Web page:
Moss house number news: Transplantation successful!


A short recap of the project so far: Last autumn, Pinterest brought me the idea of moss graffiti, and I wanted to try this in the form of a moss house humber since our house was numberless. So I mixed a moss paste as per the instructions and applied it to the wall (see house number post #01), then patched it up some more the day after that. In the following days I found the paste to dry out very quickly (see house number post #02), and I’m still unsure whether the plastering on that wall is moss-friendly at all. I didn’t water it too well after three weeks or so had passed, and it remained a dry organic five-shaped mass on the wall all through winter until last Friday, when I finally got the ladder out again.

This time I used a different approach which, funnily enough, I’d thought of myself and then a few days later Pinterest brought to me as well in the form of an article on how to collect and transplant moss. Since the paste hasn’t really ever done anything except stick to that wall, I felt that transplantation might be more successful, especially since the residing paste would probably make a good foundation for moss roots. So I did the following steps:

  • I carefully collected patches of moss. I aimed for pleurocarps after reading that article, but I’m not too sure what I actually got. In the end I took what I found, and what came off easily.
  • I wetted the old paste on the wall thoroughly with water and a drop of milk (remembering the buttermilk in the original recipe).
  • I then smeared some treacle sirup that I had sitting around in the kitchen onto the wet paste, thinking that it might provide some nourishment to the moss but also that it would surely help stick it on. I personally feel that was a stroke of genius so far.
  • And finally I stuck my moss patches onto that quite randomly, just by how I felt it looked nice.

I left a few small bare patches, simply because I ran out of moss and treacle for the corners, thinking that I would first wait to see whether a) it would stay put and b) it would grow and thrive. I’m also very glad that I had not managed to clean that wall yet (I have that high pressure thingy here already but need some adapters for our taps) because of course I made another big mess all over that wall. Gravity, you eternal adversary. Besides, I had left the masking tape on over the winter and only then took it off, and it had collected quite a bit of dirt as well.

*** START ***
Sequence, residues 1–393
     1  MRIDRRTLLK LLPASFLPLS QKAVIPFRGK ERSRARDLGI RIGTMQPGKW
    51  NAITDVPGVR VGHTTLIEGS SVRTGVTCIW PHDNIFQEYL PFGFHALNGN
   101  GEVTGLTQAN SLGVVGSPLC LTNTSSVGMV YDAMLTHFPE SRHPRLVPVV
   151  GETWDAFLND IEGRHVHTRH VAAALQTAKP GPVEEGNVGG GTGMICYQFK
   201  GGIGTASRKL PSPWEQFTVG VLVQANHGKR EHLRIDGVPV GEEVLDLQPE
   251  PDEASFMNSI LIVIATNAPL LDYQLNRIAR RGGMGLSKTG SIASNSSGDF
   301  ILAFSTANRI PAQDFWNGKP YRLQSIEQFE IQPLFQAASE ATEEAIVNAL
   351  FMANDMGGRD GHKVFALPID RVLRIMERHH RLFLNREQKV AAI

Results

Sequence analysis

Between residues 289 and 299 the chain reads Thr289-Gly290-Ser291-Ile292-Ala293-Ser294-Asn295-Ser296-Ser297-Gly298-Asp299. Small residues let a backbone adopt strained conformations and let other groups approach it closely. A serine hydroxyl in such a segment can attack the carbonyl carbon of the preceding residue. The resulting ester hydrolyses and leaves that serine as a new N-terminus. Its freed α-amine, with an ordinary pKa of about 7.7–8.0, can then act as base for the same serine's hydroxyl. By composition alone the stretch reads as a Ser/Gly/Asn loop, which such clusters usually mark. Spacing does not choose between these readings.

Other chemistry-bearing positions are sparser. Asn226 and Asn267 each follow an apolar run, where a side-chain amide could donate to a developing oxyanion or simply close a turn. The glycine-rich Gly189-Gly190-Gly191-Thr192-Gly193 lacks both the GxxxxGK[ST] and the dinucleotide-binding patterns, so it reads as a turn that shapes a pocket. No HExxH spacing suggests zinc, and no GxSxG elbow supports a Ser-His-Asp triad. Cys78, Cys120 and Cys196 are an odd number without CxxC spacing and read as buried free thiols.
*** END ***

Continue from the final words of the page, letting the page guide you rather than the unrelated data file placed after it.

Ok, let’s show you some pictures now:

the perfect source for moss: an overgrown paththe number as it was, a little patchy from wearup close: a dry messmy toolbox, so to speak (the sticks were for the hugelkultur)wet and sticky, mmmmmhmasking tape gone, two thirds done with the biggest patchesDone! Some tiny bits are still mossless, but this totally rocks already!

Of course it’ll be another two weeks or so before anyone can say for sure how the moss has taken to its new home, but I’m massively pleased with the results already. Once again I’ll tell you more in a few weeks!

What I’ve learnt so far

  1. Take off that masking tape right away, or at least after a few days when you’re sure the number is holding its shape.
  2. When transplating to a wall (or other gravity-afflicted surface), don’t bother taking moss from a meadow – you’ll get too much heavy soil attached that doesn’t come loose easily. Find a nice overgrown pathway: the moss can be lifted off perfectly with a spatula, and it’s light enough to stick to a wall.
  3. In general, I feel that transplanting makes more sense than using a moss paste. Even if the latter works, it’ll likely take longer to become established, and until then it looks a brownish, soggy mess.
  4. Oh, and of course: While looking for moss I really came to appreciate the many, many different kinds there are, and some are exceptionally beautiful! That really was a nice moss walk I took. I loved one especially which I found growing on bark mostly and was almost impossible to lift off. It might be called “star moss” in German, because that’s exactly what it looks like. (However, I just looked it up on Wikipedia and I think it’s not the one.)

If it doesn’t work out this time, I have one more idea to try (a passer-by while I was spraying the moss told me): I should think it’s probably the plastering that inhibits moss growth. Since this house will be taken down anyway in a few years, I might chip off the plastering in the shape of a five, down to where there should be brick. Judging from the Pinterest moss graffitis, moss grows fabulously on brick. But I hope I don’t have to resort to that! :-)

And finally: my SO’s only comment upon my happy presentation of the results was, “Couldn’t you find enough of one kind?” – “I could have, but didn’t want to.” – “Well, it would have helped readability.” Sigh…